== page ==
HMS has developed a specific methodology for conducting “War Games” Workshops for the financial sector. This methodology was developed based on Basel II regulatory requirements and “War Games” Best Practices inspired by Israeli military procedures for simulating combined stressful conditions aimed at training commandership.
The financial system, especially the banks, insurance companies and investment houses, are currently exposed to many inter-correlated risks, including: Financial Risks (such as market, liquidity and credit), Operational Risks, Strategic Risks, etc.
Financial regulators require these financial institutions (FI’s) to define holistic stress tests as part of their risk management framework. These stress tests take into account several simultaneous drastic and extreme events and they test the institutions readiness to deal with these events (i.e. within their ICAAP and ORSA frameworks).
Additionally, the regulators sometimes require the FI’s to conduct physical tests and exercises to test their readiness to deal with such events, although, these tests usually relate to the operational aspects of the stressed events and less to the financial and other aspects. Also, usually, these stress tests are more macro economical, based on global or national events and are not bank specific.
In principle, the readiness of FI’s to deal with extreme events is based on the existence of policies, contingency plans and work procedures as well as having sufficient capital and liquidity reserves and buffers to withstand the events. Additionally, one needs to test the FI’s ability to execute such plans and procedures, in order to continue functioning during such an ongoing stressed event, including: critical decision making, inter-organizational interaction under pressure and delivery of practical solutions according to defined priorities.
HMS’s “War Games” methodology combines the existing regulatory requirements with Israeli Best Practices on conducting multi-disciplinary exercises, so as to test the FI’s ability to function in real time, during such extreme events.
We build the workshop together with the client (FI), so that it fits the client’s reality and specific threats and risks it is exposed to. The client determines specific issues relating to the workshop’s framework, such as: Which level of management is tested, What are the exercise’s boundaries (which risks are taken into account), What is the exercise’s duration (from a couple of hours to a full day), etc.
Next, we build the actual exercise, including the following issues:
Preparing the exercise plan
Defining the exercise’s outline and schedule
Defining the base scenario and several possible sub scenarios
Defining participating personnel and roles
Determining the method of interaction between the participants
Running the scenarios throughout the exercise
Preparing and supplying dozens of additional details and information throughout the exercise
Following developments in financial metrics (such as liquidity, capital, credit), throughout the exercise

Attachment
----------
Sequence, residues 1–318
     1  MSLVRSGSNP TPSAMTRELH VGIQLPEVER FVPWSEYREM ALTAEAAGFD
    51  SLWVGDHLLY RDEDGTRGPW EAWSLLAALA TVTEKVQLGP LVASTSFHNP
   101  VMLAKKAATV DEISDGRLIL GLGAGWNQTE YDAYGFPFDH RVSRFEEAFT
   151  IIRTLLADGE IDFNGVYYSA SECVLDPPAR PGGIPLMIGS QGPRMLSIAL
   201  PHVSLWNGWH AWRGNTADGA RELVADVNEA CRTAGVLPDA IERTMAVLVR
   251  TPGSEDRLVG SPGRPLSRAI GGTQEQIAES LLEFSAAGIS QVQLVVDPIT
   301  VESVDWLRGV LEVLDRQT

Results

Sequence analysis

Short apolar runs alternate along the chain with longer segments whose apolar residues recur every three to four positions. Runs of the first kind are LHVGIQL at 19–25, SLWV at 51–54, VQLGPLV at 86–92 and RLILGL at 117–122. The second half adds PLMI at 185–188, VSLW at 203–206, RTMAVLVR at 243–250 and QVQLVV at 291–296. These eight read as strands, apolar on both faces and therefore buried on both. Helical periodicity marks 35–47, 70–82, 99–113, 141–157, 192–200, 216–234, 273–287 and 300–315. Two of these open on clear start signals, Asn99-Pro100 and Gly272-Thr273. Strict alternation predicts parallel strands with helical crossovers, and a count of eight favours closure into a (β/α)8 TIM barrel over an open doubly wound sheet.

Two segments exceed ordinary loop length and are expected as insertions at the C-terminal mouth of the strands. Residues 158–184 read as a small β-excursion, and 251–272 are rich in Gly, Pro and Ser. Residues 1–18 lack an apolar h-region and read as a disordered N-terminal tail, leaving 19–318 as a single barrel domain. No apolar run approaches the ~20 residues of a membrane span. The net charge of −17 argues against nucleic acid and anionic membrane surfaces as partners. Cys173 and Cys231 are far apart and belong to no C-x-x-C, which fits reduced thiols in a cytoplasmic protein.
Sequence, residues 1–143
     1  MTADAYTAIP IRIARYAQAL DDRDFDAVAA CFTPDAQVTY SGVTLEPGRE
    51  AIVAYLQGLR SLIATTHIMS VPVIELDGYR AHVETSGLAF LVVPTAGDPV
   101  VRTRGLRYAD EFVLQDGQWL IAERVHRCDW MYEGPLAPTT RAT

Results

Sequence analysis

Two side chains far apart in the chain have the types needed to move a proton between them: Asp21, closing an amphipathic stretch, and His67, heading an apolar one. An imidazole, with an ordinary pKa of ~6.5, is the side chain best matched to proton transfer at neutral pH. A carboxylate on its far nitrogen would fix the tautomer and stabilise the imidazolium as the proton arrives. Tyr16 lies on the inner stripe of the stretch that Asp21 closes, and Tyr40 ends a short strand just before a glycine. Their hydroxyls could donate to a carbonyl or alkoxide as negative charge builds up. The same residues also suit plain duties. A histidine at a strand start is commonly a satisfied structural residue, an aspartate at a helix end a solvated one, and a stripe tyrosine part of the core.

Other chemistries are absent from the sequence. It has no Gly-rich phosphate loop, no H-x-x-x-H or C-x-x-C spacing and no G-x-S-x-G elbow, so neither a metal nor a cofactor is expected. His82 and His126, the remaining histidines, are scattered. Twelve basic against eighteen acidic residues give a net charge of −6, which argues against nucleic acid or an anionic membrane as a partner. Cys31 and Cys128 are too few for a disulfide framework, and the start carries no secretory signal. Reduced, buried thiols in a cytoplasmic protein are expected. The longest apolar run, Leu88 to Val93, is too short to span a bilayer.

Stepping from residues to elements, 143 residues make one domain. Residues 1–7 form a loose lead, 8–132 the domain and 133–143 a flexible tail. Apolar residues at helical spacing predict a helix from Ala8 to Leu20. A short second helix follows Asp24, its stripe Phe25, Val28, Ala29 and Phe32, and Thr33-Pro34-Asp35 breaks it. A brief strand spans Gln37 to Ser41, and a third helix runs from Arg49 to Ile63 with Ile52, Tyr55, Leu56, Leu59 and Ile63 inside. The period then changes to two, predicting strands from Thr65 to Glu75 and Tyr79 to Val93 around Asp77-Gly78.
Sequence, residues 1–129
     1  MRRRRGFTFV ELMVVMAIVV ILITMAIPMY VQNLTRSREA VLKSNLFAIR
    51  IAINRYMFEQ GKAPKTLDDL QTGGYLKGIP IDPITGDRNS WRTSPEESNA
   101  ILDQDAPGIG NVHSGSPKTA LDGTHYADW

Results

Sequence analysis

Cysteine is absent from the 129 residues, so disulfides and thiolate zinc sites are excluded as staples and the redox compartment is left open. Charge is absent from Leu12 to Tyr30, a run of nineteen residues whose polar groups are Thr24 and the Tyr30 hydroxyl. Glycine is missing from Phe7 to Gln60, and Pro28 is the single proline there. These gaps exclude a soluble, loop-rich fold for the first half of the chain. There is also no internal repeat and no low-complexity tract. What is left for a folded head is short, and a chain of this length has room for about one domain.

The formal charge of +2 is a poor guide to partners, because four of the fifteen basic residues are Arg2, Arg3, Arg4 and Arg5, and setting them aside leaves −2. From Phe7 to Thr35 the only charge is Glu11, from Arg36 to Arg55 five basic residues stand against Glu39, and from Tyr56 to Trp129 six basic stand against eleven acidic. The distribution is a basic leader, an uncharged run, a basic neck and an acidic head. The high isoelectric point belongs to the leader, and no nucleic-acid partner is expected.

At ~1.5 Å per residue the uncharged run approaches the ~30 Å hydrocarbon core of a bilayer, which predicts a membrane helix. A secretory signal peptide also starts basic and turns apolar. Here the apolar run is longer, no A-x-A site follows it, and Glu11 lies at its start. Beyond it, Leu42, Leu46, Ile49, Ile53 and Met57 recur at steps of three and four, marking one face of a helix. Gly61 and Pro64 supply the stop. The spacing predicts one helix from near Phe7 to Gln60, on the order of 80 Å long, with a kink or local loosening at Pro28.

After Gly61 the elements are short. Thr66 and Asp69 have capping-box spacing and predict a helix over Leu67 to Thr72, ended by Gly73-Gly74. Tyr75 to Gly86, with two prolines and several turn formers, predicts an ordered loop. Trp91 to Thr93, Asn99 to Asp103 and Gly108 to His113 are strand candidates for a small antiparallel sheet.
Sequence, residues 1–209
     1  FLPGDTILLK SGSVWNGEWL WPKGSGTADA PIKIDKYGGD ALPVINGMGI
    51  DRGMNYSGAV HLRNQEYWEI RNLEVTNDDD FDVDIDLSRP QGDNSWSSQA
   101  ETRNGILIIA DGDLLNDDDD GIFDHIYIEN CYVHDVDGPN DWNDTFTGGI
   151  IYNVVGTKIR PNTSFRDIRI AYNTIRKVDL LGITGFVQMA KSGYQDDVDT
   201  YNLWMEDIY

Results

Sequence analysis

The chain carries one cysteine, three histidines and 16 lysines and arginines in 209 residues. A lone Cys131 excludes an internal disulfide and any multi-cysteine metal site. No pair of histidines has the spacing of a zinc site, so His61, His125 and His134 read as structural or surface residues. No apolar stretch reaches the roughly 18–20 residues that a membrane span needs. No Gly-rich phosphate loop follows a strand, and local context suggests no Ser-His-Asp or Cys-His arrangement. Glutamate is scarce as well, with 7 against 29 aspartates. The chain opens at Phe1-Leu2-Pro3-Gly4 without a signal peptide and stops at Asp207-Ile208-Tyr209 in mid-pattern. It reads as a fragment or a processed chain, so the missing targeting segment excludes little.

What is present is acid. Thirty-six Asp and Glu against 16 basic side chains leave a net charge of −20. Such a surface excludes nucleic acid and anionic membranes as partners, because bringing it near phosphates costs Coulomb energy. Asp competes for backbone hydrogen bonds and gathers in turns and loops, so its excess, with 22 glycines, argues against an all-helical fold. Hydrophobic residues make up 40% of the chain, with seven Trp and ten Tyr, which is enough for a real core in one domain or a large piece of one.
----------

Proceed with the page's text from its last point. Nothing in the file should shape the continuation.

Setting up and accompanying a controlling function to monitor and summarize the exercises progress.
Summarizing the exercise including formulating lessons and conclusions about issues such as: The level of readiness, knowledge displayed, functioning under pressure, method of interaction, relying on existing documents, compatibility with the FI’s risk appetite, and more.
The workshop’s goals include:
Examining the bank’s contingency plans for a financial crisis – relevance and applicability.
Examining the bank’s underlying assumptions regarding its crisis policy.
Examining the professional team’s performance in crisis situations, including the ability to recognize and prioritize risks, make decisions and act during stressful situations.
Examining the bank’s preparation of different financial crisis situations, in order to deal with them more effectively, and to reduce potential damage resulting from them.
The workshop’s benefits include:
Encouraging creative ideas that will help the bank to improve policies and procedures on various topics
Updating policies and procedures, decision-making processes, control and measurement tools, emergency plans, etc.
Ultimately – Improving the bank’s preparedness for extreme scenarios that might jeopardize the financial stability of the bank.
This Result is an important component of the second pillar of Basel II.
Our Main Services:
We, at HMS, offer to prepare, together with our clients, a comprehensive “War Games” workshop framework specifically designed for them. We can accompany you throughout the workshop, tailor-made to the client’s requirements, exposures and risk appetite, in order to locate and define the required improvements to the client’s readiness.
We have recently completed a successful workshop at one of Israel’s leading banks, where the CRO decided to run the workshop on the Risk Management division. There are, of course, other options available such as: The senior management level, subsidiary level, department manager level, etc.